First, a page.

A Word on the Weather
Ah Autumn! This is my absolute favorite season – the crisp feel of the air, the beautiful colors of the changing leaves, and of course, apple cider and pumpkin flavored everything! Autumn is also a wonderful time to begin training a new group or “string” of dogs.
In the very initial stages of training, our dogs learn how to target curbs and how to respond to the “forward” command. When training forward, the goal is for the dog to begin pulling into the harness on cue and continue at a consistent pace until they are told to wait. For guide dog instructors, teaching a dog the forward command bears a strong resemblance to running a 5K. Teaching ten dogs the forward command is a little bit like running a marathon. On a cool crisp autumn day, when the weather is sweater and jeans appropriate, trainers can be found wearing shorts and short sleeves, and it still gets warm out there! I always consider myself lucky to be training forward in the cool weather!
Because our guide dogs are placed all across the country, from Alaska to Texas, our dogs must be able to work outside in all weather. Every season brings its benefits and challenges. If the snow really piles up during the winter, sidewalks and street crossings may become partially or completely obstructed. This can be a challenge to work around but is also a great opportunity for our dogs to practice their problem solving skills; they have to learn to find solutions when their path isn’t clear cut.
I like to work with my dogs in residential areas in the springtime, when we can enjoy the new blooms in the gardens in Peekskill and White Plains. Of course spring also brings lots of showers; dogs and trainers get lots of practice working in the rain. It is important for guide dogs to work safely through puddles and run-off streams if necessary – no leaping over them!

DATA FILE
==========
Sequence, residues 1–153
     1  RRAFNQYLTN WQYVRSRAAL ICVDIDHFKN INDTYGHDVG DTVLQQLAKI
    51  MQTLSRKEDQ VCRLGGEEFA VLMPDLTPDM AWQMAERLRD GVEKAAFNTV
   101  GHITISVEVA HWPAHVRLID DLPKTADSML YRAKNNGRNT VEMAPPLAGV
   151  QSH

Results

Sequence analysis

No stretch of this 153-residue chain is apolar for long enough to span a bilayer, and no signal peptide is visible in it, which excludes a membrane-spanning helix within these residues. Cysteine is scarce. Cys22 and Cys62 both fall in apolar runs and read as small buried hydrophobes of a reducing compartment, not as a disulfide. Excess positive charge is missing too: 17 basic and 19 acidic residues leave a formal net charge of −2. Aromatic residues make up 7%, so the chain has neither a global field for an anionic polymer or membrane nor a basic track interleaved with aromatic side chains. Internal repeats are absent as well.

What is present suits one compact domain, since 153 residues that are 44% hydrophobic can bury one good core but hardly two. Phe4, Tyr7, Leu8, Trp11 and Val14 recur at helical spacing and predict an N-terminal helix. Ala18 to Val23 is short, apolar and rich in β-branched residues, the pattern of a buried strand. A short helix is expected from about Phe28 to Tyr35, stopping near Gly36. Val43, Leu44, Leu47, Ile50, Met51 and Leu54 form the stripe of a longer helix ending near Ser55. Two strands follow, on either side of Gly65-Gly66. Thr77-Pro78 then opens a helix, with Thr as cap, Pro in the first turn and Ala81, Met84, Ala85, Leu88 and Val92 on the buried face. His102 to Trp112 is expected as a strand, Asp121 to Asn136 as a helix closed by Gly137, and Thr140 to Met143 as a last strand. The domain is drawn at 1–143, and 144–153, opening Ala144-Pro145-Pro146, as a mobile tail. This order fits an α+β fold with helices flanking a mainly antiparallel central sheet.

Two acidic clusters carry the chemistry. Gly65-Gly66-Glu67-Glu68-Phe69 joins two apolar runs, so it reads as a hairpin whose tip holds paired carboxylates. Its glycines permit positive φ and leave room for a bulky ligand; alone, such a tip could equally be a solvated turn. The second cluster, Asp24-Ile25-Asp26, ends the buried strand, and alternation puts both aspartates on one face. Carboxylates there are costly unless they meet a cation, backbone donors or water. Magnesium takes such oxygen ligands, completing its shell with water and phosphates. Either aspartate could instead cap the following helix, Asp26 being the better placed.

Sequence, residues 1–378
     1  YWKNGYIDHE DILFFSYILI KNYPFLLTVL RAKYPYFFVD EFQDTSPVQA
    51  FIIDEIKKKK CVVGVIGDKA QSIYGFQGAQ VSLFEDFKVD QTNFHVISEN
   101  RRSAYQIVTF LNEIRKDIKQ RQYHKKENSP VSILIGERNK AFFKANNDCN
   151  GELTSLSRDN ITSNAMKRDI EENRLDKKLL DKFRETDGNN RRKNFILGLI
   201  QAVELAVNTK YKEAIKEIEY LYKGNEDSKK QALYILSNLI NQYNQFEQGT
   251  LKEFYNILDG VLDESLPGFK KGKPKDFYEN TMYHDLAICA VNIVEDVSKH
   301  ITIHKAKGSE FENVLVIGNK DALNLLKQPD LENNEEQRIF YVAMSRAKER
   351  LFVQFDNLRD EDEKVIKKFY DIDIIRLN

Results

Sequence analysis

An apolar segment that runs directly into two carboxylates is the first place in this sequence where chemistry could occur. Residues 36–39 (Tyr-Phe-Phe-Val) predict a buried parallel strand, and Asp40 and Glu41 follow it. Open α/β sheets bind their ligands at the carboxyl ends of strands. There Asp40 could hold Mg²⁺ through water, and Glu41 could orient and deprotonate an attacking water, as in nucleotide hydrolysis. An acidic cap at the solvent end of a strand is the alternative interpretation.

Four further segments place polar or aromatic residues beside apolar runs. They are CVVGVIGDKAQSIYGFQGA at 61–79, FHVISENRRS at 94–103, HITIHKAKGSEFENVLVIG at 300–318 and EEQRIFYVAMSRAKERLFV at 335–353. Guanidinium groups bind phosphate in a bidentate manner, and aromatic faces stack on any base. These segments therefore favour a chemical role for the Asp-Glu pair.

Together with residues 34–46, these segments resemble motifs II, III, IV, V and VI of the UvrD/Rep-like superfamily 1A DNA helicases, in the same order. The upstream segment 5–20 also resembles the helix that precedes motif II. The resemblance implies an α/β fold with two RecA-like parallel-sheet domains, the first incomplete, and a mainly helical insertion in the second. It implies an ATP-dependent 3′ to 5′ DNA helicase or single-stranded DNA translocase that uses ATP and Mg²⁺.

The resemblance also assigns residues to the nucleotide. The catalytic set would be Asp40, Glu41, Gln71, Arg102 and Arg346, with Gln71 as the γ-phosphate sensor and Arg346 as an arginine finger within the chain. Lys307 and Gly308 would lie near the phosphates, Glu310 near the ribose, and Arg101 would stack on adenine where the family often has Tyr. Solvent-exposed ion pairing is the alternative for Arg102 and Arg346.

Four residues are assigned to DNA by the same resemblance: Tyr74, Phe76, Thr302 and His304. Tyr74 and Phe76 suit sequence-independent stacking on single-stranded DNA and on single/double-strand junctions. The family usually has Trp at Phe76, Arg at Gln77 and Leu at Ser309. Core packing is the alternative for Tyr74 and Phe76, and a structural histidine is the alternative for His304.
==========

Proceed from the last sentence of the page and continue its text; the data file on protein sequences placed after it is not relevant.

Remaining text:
Summer brings warm sunshine, long days, and our amazing golf classic! Summer is a fun season to train in. Dogs practice working at the White Plains Farmers Market, a large, crowded, outdoor bazaar with lots of fruits, vegetables, and other goodies – often right at nose level. It is a great opportunity to work on pedestrian clearances and food distractions. Of course on some days it gets so warm that the pavement can burn the dogs’ feet. Luckily our dogs are trained to work in booties – literally shoes for dogs – which help to prevent their pads from getting burned.
Often people ask about whether it is safe for a dog to work in very hot or cold weather. A good rule of thumb is: if you are uncomfortable, your dog is likely uncomfortable, and if the weather is dangerous for you, it is also dangerous for a dog. Our veterinary staff keeps careful track of the weather and sets guidelines for how long dogs may be outside in extreme weather. Sometimes, it’s just a good idea to practice indoor work at the mall!
Kate Petersen has worked at Guiding Eyes since March, 2010. She was involved for many years prior – having raised numerous puppies with her family in our Southern CT region. Kate lives in CT with her husband Eli and retired guide Emmylou.